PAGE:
Senior Thesis. Horse Play. Optimal Wagers and the Kelly Criterion. Author: Courtney Kempton. Supervisor: Professor Jim Morrow

Save this PDF as:
 WORD  PNG  TXT  JPG

Size: px
Start display at page:

Download "Senior Thesis. Horse Play. Optimal Wagers and the Kelly Criterion. Author: Courtney Kempton. Supervisor: Professor Jim Morrow"

Transcription

1 Senior Thei Hore Play Optimal Wager and the Kelly Criterion Author: Courtney Kempton Supervior: Profeor Jim Morrow June 7, 20

2 Introduction The fundamental problem in gambling i to find betting opportunitie that generate poitive return. After identifying thee attractive opportunitie, the gambler mut decide how much of her capital he intend to bet on each opportunity. Thi problem i of great interet in probability theory, dating back to at leat the 8th c. when The Saint Peterburg Paradox paper by Daniel Bernoulli aroued dicuion over the topic []. For a rational peron, it would eem that they would chooe the gambling opportunitie that maximized expected return. However the reulting paradox, illutrated by Daniel Bernoulli, wa that a gambler hould bet no matter the cot. Intead of maximizing return, economit and probablit (like Bernoulli) have argued that it i ome utility function that the gambler hould maximize. Economit ue utility function a a way to meaure relative atifaction. Utility function are often modeled uing variable uch a conumption of variou good and ervice, poeion of wealth, and pending of leiure time. All utility function rely on a diminihing return. The difference between utility function and return arie becaue people attach a weight of importance to certain monetary value. For example, a bet which involve the lo of one life aving of $00,000 a contrated with the poibility of doubling the life aving would never be conidered even with a high probability. A rational peron attache more utility to the initial $00,000 then the poibility of the additional value. A uggeted by Daniel Bernoulli, a gambler hould not maximize expected return but rather the utility function log x where x i the return on the invetment. John Larry Kelly Jr., a cientit at Bell Lab, extended Bernoulli idea and uncovered ome remarkable propertie of the utility function log x [2]. Although hi interet lie in tranmiion of information over a communication channel, hi reult can be extended to a gambler determining which bet he hould make and how much. In particular, he determined the fixed fraction of one capital that hould be bet in order to maximize the function and provide the gambler with the highet atifaction given certain condition. Thi i known a the Kelly Criterion. Currently, the Kelly Criterion ue extend into invetment theory. It i of importance to invetor to determine the amount they hould invet in the tock market. The Kelly Criterion provide a olution although it ha it drawback namely it long-term orientation. 2 Simple Example 2. Maximizing Expected Return Suppoe you are confronted with an infinitely wealthy opponent who will wager even bet on repeated independent trial of a biaed coin. Let the probability of u winning on each trial be p > 2 and converly loing q = p. Aume we tart with an initial capital of X 0 and ubequently X i will be our capital after i coin toe. How much hould we bet (B i ) on each to? Let T i = be a win on the ith to and T i = a lo. A a reult, n X n = X 0 + B i T i, our initial capital plu or minu the amount we win. The expected value then i n n E[X n ] = X 0 + E[B i T i ] = X 0 + pe[b i ] qe[b i ] i= i= = X 0 + i= n (p q)e[b i ]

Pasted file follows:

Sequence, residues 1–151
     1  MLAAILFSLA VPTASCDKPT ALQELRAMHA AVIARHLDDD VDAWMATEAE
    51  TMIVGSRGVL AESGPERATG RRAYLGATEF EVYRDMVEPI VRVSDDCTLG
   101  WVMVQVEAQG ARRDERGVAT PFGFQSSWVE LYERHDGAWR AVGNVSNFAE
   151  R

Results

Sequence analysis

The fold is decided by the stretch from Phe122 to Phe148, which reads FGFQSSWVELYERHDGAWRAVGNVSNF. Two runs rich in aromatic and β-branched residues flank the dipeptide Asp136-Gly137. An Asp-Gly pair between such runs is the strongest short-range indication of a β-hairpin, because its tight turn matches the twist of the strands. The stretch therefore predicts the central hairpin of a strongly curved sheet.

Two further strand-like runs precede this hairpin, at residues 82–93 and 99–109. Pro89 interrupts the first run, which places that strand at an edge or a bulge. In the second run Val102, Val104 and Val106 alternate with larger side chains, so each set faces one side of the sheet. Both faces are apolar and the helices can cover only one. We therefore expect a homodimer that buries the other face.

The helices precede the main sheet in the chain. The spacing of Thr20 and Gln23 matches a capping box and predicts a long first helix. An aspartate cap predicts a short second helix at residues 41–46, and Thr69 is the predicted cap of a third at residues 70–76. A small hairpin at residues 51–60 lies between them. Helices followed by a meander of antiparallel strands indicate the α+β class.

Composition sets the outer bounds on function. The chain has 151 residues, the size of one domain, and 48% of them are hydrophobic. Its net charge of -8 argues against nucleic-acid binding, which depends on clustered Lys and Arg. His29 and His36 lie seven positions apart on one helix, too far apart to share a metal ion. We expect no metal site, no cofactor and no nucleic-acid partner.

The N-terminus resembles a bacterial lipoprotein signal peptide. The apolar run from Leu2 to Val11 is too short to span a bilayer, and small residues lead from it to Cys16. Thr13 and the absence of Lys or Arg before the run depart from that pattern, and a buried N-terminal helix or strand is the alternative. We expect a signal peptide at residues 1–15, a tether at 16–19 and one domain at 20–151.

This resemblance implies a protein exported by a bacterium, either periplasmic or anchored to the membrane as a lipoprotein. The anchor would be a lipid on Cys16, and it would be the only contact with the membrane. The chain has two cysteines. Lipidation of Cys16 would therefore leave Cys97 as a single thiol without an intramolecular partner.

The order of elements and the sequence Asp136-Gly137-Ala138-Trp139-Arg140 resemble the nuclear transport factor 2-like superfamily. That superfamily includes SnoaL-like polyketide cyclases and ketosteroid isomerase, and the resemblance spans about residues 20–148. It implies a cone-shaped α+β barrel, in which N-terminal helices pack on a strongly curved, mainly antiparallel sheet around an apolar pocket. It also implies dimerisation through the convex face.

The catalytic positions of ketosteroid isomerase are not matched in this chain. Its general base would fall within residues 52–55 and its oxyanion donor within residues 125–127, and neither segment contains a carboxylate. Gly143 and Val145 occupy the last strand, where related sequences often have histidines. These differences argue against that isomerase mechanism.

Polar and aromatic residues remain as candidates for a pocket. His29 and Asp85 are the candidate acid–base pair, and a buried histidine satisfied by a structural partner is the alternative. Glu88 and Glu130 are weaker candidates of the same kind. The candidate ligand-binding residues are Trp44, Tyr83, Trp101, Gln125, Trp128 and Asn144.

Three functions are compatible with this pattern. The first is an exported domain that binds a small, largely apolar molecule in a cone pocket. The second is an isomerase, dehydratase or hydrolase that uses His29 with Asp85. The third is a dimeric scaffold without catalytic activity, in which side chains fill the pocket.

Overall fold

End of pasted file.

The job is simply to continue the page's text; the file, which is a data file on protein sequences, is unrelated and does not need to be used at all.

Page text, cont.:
3 Hence, we ee that in order to maximize our expected return we hould maximize the amount we bet on each trial E[B i ]. The trategy ugget that on each to of the coin we hould wager our entire capital (i.e. B = X 0 and o forth). However, we ee that with one lo our capital i reduced to zero and ruin occur. Ultimately, the trategy would lead to the claic gambler ruin. From the example above, we expect that the optimal wager hould be a fraction of our total capital. Auming we bet a fixed fraction, B i = fx n where 0 f, then our capital after n trial i given by X n = X 0 ( + f) S ( f) L, where S + L = n and S i the number of win and L i the number of loe. In thi cenario, gambler ruin i impoible for P r(x n = 0) = 0. Finding the optimal fraction to bet i the bai of the Kelly Criterion. 2.2 Introduction to Kelly Criterion In order to determine the fixed fraction to bet, Kelly employ the ue of a quantity called G. The derivation of G follow from above: X n X 0 = ( + f) S ( f) L log X n = S log( + f) + L log( f) X ( ) 0 n log Xn = S X 0 n log( + f) + L log( f) n [ ( )] G = E n log Xn S = lim n n log( + f) + L log( f) n In the long run, S n = p and imilarly L n = p = q. Therefore, X 0 G = p log( + f) + q log( f) where f < G meaure the expected exponential rate of increae per trial. Originally, Kelly paper ued log bae 2 to reflect if G = you expect to double your capital, which in turn fit the tandard of uing log 2 in information theory. However given the relationhip between log of different bae, hi reult hold if we ue a log bae e and are eaier to compute. For the ret of the paper, log will refer to log bae e. Kelly chooe to maximize G with repect to f, the fixed fraction one hould bet at each trial. Uing calculu, we can derive the value of f that optimize G: G (f) = p + f q f = p q f(p + q) ( + f)( f). Setting thi to zero, yield that the optimal value f = p q. Now, G (f) = p ( + f) 2 q ( f) 2. Since p, q are probabilitie, p, q 0. Therefore, G (f) < 0, o that G(f) i a trictly concave function for f [0, ). Given that G(f) i concave over [0, ) and f atifie G (f) = 0, then G(f) ha a global maximum at f and by Propoition G max = p log( + p q) + q log( p + q) = log(2) + p log(p) + q log(q) 2